Legal Pots Meets the Not-in-My-Backyard Crowd

The effort to legalize recreational marijuana for adult use has been long, slow and arduous, but in recent years, 11 states have taken that step. The demonization of cannabis, however, has not stopped. It has merely shifted from the state level to the local level — as not-in-my-backyard activists mobilize to keep pot as far away as possible.

In June, Illinois Gov. J.B. Pritzker signed a measure allowing recreational pot, something favored by two-thirds of Illinoisans. But while prohibitionists have lost credibility on the general issue of legalizing weed, they have managed to foment fears in individual communities.

In September, the city council of Naperville, a Chicago suburb of 148,000 people, voted to forbid recreational marijuana dispensaries. The council was influenced by a group called Opt Out, which packed the meeting with protesters who argue that these shops would unleash a dire menace.

Critics of legal recreational pot, often collaborating with Opt Out, have prevailed in a number of other Chicago suburbs. Only a handful of towns have decided to allow such outlets.

I have news for the opponents: Recreational use of cannabis is already going on in their communities. I can say that with confidence because 55 million Americans say they consume it year. It is far safer for them to do so if their product comes from state-regulated businesses operated by law-abiding citizens than from, say, the local sales rep for the Sinaloa drug cartel.

Prohibiting sales doesn’t mean that locals will abstain from pot. It only means that those residents who want to get high will get their weed from dispensaries in other municipalities or from illegal dealers. It’s not clear how it benefits any town to 1) send residents elsewhere to spend money and 2) preserve an underground market for enterprising criminals.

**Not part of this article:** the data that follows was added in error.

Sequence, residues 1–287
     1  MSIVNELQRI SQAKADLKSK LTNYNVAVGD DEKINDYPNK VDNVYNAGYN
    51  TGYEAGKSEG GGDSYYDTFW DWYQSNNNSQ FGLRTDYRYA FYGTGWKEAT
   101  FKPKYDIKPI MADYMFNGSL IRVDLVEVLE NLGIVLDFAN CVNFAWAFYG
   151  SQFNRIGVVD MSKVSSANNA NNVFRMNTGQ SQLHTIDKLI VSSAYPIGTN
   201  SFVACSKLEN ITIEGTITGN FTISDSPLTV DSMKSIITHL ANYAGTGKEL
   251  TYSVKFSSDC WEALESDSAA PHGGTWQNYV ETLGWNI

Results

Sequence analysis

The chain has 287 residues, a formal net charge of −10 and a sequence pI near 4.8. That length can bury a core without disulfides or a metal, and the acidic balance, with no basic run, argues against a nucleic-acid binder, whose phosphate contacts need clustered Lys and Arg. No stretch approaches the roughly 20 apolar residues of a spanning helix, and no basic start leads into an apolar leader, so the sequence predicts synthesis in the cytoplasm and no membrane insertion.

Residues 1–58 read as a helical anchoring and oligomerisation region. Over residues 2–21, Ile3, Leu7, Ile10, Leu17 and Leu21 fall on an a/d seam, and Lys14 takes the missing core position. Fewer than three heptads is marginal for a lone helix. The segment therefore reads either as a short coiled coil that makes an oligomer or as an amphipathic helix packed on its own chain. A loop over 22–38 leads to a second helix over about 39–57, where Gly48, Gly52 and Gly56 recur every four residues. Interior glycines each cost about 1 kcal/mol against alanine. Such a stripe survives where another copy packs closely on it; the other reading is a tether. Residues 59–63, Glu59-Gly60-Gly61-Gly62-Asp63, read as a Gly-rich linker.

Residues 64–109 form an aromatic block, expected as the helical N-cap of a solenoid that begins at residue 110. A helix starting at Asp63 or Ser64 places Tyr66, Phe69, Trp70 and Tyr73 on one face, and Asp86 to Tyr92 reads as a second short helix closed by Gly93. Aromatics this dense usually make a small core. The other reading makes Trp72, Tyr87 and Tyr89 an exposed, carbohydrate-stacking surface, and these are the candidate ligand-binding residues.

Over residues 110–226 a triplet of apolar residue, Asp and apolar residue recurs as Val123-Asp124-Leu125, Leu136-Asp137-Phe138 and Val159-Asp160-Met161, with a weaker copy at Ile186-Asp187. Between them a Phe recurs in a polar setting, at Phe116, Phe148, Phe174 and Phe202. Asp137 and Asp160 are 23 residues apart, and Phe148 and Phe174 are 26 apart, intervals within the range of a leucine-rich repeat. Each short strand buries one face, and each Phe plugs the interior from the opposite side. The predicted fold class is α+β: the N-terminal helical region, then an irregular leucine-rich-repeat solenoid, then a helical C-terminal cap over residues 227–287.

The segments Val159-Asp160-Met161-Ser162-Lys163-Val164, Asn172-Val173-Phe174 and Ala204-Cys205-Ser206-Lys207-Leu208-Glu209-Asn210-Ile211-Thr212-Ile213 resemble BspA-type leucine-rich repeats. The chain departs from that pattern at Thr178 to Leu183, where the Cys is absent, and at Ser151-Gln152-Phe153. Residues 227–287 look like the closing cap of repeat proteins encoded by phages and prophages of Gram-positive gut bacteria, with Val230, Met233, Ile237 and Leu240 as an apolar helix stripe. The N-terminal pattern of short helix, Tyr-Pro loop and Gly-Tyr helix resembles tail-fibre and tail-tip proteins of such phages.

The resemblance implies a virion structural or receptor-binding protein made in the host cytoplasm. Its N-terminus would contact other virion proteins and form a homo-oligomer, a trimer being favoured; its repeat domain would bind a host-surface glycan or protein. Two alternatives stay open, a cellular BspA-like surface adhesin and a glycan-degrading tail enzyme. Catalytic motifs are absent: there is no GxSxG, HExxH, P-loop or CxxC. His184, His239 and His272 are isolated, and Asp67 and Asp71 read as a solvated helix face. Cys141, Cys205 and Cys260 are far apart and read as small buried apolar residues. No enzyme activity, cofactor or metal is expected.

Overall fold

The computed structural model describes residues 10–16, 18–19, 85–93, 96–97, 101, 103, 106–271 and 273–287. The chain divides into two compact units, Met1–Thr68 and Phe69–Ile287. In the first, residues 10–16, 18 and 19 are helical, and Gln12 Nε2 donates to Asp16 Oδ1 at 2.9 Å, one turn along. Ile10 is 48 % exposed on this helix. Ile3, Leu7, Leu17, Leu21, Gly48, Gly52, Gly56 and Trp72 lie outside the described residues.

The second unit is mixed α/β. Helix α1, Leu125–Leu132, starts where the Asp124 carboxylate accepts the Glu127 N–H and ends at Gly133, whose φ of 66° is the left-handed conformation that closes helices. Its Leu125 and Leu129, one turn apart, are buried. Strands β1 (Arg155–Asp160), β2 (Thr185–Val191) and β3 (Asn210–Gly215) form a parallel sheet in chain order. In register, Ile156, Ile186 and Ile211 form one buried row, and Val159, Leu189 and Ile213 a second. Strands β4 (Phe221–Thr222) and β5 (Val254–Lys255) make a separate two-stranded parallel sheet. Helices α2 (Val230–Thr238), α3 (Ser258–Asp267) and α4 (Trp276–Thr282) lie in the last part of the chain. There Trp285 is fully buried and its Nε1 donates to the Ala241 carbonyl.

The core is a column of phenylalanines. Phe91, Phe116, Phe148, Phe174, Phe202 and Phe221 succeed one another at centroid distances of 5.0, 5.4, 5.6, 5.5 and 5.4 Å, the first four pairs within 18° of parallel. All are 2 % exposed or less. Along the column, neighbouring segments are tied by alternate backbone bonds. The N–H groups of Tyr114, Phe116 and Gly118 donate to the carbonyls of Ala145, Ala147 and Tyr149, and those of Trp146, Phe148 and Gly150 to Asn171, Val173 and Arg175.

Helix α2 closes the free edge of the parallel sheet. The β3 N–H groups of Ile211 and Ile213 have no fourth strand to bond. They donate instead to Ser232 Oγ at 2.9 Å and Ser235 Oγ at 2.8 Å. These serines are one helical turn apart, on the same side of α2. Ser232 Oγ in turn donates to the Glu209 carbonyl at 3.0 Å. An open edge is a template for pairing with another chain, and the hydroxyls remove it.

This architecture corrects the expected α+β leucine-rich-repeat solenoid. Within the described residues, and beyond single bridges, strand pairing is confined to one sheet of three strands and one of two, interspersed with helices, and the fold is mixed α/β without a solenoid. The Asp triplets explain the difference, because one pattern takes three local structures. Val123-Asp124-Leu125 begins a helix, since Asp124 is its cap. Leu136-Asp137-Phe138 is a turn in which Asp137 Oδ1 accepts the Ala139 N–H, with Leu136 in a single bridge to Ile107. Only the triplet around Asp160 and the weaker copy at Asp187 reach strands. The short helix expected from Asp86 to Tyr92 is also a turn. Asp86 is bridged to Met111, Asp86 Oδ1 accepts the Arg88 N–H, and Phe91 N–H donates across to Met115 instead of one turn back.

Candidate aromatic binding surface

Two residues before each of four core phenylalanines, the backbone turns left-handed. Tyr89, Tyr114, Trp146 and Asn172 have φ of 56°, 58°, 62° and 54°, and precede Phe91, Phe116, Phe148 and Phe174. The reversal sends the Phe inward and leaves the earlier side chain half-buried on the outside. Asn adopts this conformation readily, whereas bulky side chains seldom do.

Opt Out traffics in a number of dubious, exaggerated or unsubstantiated claims. “Marijuana is NOT harmless,” it declares, as if anyone thinks otherwise. It claims that legalization means an increase in teen consumption, emergency room visits, cannabis-related highway fatalities and school disciplinary problems. It says permitting dispensaries would endanger public safety and damage a town’s reputation for being “family friendly.”

But the evidence from states that allow recreational cannabis is reassuring. A study published in an American Medical Association Journal found that in these states, teen use of marijuana declined after legalization.

In Colorado, which got legal recreational cannabis in 2014, most indicators are favorable. A report last year by the state Department of Public Safety found that arrests for driving under the influence of drugs or alcohol have declined by 15%. Hospitalizations for possible cannabis exposure rose in 2014 and then “flattened out” — after a steady rise that began in 2000.

In the 2015-16 school year, the number of adolescents who consumed the drug was the lowest in nearly a decade. Graduation rates are up, while the number of school suspensions and expulsions has stayed the same.

The public safety alarms raised by Opt Out are the false type. Studies of Denver found that the presence of retail pot shops led to a decrease in neighborhood crime and an increase in property values.

None of the real-life experience of people living in Denver suggests that pot has marred its “brand” or its “family-friendly” reputation. If anything, the city has reaped unexpected benefits from legalization, including rapid population growth.

It’s curious that cities and towns that recoil at legal pot sales embrace a drug that is far more destructive: alcohol. Naperville, for example, has 257 retail establishments with liquor licenses — one for every 575 residents. Not many people seem to worry that allowing adult beverages to be sold in their communities sends the wrong message to impressionable adolescents.

Alcohol use is frequently implicated in sexual assault, aggravated assault, child abuse, homicide and other crimes. A study of Chicago found that neighborhoods with late-night bars and liquor stores generally have higher rates of robbery and assault. A study of Los Angeles concluded that when “additional alcohol outlets” open, they typically “contribute to crime and urban decay.”

Yet virtually every municipality in Illinois allows alcohol sales. There is no shortage of places to buy beer, wine and spirits in Arlington Heights, Winnetka, Hinsdale, Wheaton or Orland Park. These cities, however, have reached the odd conclusion that they cannot tolerate a single legal site offering recreational cannabis.

They can keep pot shops out. Keep pot out? Not a chance.

Steve Chapman is a columnist and editorial writer for the Chicago Tribune. His twice-a-week column on national and international affairs, distributed by Creators Syndicate, appears in some 50 papers across the country.